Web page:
ROI Potential*: Keeping people smiling pays a median annual income of $70,210, with the lowest 10 percent of dental hygienists earning $46,540 and the highest 10 percent averaging at $96,280.
Education Needed: A minimum of an associate’s degree or certificate in dental hygiene is usually required by most private dentists’ offices, according to the Department of Labor. All states also require hygienists to have a license.
Payback Career #4: Diagnostic Medical Sonographer
Two reasons this career is a decent bet for the future: technology and health care. Yep, this occupation marries them both: According to the U.S. Department of Labor, diagnostic medical sonographers use sophisticated imaging equipment that sends sound waves into a patient’s body. Then they read the echoes to assess and diagnose medical conditions – or to tell if it’s a boy or a girl! Sound like the future calling?
Why It Has a Future: “Technology and equipment in hospitals is becoming so advanced and prevalent, so the people who can operate them are going to be more and more in demand,” says Heathfield. She adds that preventative care is becoming more prevalent and seen as cost-saving to managed care, and so tests such as those performed by diagnostic medical sonographers are becoming more valued.
The Department of Labor makes the point that the use of sonography (commonly known as sonograms, ultrasounds, and echocardiograms) will become more desirable to patients than invasive techniques and ones that result in radiation. For this and other reasons, the Department sees the profession of diagnostic medical sonographer growing by 44 percent from 2010 to 2020 – or 23,400 new jobs. That’s the kind of growth we like.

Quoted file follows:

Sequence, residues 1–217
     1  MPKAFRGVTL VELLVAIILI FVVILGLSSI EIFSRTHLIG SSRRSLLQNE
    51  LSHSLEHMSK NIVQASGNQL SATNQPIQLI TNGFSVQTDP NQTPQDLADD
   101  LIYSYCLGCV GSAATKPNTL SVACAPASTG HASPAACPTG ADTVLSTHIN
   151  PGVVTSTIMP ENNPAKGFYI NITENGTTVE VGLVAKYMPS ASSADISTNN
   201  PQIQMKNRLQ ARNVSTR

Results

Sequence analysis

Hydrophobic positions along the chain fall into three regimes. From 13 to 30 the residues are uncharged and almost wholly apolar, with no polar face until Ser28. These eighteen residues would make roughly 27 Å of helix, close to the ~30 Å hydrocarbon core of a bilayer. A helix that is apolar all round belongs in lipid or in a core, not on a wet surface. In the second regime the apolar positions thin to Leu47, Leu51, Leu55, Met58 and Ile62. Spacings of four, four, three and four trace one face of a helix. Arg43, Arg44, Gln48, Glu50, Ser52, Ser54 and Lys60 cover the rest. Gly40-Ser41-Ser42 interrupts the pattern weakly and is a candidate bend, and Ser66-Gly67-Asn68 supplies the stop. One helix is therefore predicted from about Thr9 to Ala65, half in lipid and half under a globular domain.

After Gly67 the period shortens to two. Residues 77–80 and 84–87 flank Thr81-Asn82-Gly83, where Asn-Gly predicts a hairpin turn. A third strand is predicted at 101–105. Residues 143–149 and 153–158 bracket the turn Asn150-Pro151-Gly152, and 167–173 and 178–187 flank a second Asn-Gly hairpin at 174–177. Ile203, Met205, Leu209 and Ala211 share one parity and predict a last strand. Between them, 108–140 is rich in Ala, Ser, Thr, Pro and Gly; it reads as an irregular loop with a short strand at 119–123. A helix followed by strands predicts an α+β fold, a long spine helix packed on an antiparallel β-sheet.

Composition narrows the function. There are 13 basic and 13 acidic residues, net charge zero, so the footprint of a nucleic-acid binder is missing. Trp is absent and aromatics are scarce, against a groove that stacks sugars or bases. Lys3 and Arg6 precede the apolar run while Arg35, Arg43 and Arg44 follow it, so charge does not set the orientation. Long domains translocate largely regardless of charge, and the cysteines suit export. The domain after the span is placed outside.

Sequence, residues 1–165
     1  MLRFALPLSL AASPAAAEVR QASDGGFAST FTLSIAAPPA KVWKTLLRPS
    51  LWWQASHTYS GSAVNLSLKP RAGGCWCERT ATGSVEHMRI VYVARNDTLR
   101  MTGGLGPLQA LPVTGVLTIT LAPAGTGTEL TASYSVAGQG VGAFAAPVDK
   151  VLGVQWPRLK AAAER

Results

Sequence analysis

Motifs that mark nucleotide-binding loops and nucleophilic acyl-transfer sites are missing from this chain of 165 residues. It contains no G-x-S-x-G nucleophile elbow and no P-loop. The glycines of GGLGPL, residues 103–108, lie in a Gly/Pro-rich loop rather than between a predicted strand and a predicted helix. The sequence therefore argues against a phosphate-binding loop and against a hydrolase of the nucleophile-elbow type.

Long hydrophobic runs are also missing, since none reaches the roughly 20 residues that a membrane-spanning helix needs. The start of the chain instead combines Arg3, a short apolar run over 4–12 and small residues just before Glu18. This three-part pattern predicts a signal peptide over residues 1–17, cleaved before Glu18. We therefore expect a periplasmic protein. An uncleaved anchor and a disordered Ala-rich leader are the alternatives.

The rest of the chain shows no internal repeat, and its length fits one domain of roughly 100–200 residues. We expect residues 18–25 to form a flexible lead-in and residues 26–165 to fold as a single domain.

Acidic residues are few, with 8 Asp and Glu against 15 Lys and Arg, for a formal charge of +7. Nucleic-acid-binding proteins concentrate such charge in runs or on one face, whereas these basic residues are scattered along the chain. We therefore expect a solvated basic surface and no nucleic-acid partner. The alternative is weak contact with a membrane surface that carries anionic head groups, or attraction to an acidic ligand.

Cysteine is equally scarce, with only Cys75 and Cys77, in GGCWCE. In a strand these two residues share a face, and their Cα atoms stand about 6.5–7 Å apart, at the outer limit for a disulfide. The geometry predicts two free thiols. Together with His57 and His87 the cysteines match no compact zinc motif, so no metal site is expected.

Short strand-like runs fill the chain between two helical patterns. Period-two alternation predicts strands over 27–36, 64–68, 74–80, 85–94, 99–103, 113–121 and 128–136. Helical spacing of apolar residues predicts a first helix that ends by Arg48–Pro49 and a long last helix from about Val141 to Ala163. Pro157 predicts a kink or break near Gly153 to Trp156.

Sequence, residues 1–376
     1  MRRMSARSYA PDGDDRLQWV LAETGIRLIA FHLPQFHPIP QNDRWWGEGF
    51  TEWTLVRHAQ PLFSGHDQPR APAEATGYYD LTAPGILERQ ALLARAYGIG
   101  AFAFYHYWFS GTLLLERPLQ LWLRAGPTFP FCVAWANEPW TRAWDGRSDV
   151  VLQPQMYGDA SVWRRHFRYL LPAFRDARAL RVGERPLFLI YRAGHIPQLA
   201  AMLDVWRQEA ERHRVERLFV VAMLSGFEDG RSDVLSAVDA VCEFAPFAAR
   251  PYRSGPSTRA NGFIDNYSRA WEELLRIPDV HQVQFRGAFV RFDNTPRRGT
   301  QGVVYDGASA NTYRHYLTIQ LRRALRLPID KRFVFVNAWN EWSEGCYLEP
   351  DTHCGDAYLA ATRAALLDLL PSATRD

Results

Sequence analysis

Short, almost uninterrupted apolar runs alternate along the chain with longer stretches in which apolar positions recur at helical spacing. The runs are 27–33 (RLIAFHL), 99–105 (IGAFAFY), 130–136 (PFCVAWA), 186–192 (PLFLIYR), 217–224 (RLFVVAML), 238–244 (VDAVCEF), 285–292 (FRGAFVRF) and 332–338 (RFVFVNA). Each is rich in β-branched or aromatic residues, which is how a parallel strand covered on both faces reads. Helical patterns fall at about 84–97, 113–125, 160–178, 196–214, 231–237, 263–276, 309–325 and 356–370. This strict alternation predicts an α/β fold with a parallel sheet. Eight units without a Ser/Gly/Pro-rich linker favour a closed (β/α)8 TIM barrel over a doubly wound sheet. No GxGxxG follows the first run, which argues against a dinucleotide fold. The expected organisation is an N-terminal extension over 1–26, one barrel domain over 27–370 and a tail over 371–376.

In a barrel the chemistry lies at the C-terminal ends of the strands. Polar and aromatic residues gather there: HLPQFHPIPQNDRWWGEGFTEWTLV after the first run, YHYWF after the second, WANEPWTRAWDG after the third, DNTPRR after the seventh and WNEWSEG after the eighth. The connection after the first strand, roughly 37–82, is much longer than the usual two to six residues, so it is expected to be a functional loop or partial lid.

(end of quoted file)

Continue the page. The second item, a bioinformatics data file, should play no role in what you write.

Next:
ROI Potential*: Apparently, firing sound waves into people pays. Specifically, the Department says diagnostic medical sonographers make an annual median salary of $65,860, with the lowest paid 10 percent making $44,990 and the highest 10 percent making $91,070.
Education Needed: Formal education, such as a postsecondary certificate or associate’s degree, is needed for diagnostic medical sonographer positions. According to the Department, a lot of employers require certification and prefer that diagnostic medical sonographers have a certificate or degree from an accredited hospital program or institute.
Payback Career #6: Medical and Health Services Manager
There’s a reason they call it “managed health care.” Yes, the medical field is about curing and preventing illness, but anyone who’s visited a doctor’s office or filled out a hospital admittance form knows that treating illness takes a healthy amount of management. Hence, medical and health services managers might do everything from run doctors’ practices to manage whole departments in health care facilities, says the U.S. Department of Labor.
Why It Has a Future: “Whatever you think of Obamacare, there’s one thing for certain: More and more dollars are going into health care in the future. And that means administrative [management] jobs will be on the increase and probably pay pretty well,” says Heathfield.
That certainly coincides with the Department of Labor’s take on this profession. They project that the job opportunities for medical and health care services managers will increase by 22 percent from 2010 to 2020. That’s about 68,000 new jobs being added.
ROI Potential*: You’ll probably be pleased with the ROI here too. The Department says that the median annual pay for medical and health services managers is $88,580. The bottom 10 percent make $53,940 and the top 10 percent earn $150,560.